Question

Rick Kenyon purchased a painting by a noted Western artist, Bill Gollings, valued between $8,000 and $15,000 for $25 at a Salvation Army thrift store. Claude Abel filed suit against Kenyon seeking the return of the painting, which had belonged to his late aunt. Abel claimed that the Salvation Army mistakenly took the painting from his aunt's house when the box in which it was packed was mixed with items being donated to the thrift store. Abel's aunt, Billie Taylor, was a friend of the artist whose works were known for their accurate portrayal of the Old West. Sometime before his death in 1932, Gollings gave a painting to Taylor depicting a Native American on a white horse in the foreground with several other Native Americans on horses in the background traveling through a traditional Western prairie landscape. The painting remained in Taylor's possession at her home in Sheridan, Wyoming, until her death on August 31, 1999. After Taylor's death, Abel traveled from his home in Idaho to Sheridan for the funeral and to settle the estate. Abel was the sole heir of Taylor's estate, so he inherited all of her personal belongings, including the Gollings painting. Abel and his wife sorted through Taylor's belongings, selecting various items they would keep for themselves. Abel and his wife, with the help of a local moving company, packed those items into boxes marked for delivery to their home in Idaho. Items not being retained by Abel were either packed for donation to the Salvation Army or, if they had sufficient value, were taken by an antiques dealer for auction. The scene at the house was one of some confusion as Abel tried to vacate the residence as quickly as possible while attempting to make sure all of the items went to their designated destinations. The painting was packed by Abel's wife in a box marked for delivery to Idaho. However, in the confusion and unbeknown to Abel, the box containing Gollings's painting was inadvertently picked up with the donated items by the Salvation Army. It was priced at $25 in its thrift store and sold to Kenyon. After returning to Idaho, Abel discovered that the box containing the painting was not among those delivered by the moving company. He also learned that the painting had gone to the Salvation Army and had been sold to Kenyon. When Kenyon refused to acknowledge he had the painting, Abel brought suit seeking its return. Kenyon claimed that he was a good faith purchaser of the painting that had been given to the Salvation Army. Was Abel entitled to have the painting returned to him on the grounds that not having made a gift of the painting, he was still the owner, and that its sale by the Salvation Army was a conversion of his property?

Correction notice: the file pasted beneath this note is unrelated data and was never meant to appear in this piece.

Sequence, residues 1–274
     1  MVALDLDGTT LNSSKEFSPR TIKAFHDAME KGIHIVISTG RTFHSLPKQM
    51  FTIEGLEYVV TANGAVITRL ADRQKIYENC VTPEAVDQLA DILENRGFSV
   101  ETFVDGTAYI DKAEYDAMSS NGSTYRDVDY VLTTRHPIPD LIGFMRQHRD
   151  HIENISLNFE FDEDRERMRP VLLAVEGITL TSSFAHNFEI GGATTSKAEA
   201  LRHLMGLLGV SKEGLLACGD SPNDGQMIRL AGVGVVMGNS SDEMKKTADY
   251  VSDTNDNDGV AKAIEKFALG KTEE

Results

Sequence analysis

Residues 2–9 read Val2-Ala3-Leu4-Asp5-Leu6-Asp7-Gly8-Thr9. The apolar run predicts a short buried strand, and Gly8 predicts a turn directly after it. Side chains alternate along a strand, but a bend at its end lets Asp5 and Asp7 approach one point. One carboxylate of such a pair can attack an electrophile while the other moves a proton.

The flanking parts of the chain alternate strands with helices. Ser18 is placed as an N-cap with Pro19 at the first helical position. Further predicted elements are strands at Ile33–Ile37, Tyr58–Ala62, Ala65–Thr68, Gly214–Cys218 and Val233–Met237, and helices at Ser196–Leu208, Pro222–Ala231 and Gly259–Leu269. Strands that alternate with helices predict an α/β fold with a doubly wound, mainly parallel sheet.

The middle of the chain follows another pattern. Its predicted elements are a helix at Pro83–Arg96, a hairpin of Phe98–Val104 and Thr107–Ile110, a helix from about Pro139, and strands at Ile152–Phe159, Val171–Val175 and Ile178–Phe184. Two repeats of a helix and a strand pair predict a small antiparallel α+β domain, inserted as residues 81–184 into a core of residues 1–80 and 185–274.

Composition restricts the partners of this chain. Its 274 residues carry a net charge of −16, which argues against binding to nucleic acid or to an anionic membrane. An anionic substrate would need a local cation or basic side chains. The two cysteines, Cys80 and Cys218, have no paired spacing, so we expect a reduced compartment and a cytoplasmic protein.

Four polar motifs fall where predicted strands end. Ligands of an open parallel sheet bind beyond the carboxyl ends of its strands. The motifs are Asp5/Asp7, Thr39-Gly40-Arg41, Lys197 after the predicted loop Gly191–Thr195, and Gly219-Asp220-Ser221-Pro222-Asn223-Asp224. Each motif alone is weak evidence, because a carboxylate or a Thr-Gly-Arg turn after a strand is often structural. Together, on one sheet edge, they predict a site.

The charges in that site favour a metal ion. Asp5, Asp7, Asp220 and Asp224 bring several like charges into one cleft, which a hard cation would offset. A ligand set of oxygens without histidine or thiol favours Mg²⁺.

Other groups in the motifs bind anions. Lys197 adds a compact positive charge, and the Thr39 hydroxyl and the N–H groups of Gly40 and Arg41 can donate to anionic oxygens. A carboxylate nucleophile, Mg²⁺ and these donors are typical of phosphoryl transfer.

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  • CreatedJuly 16, 2014
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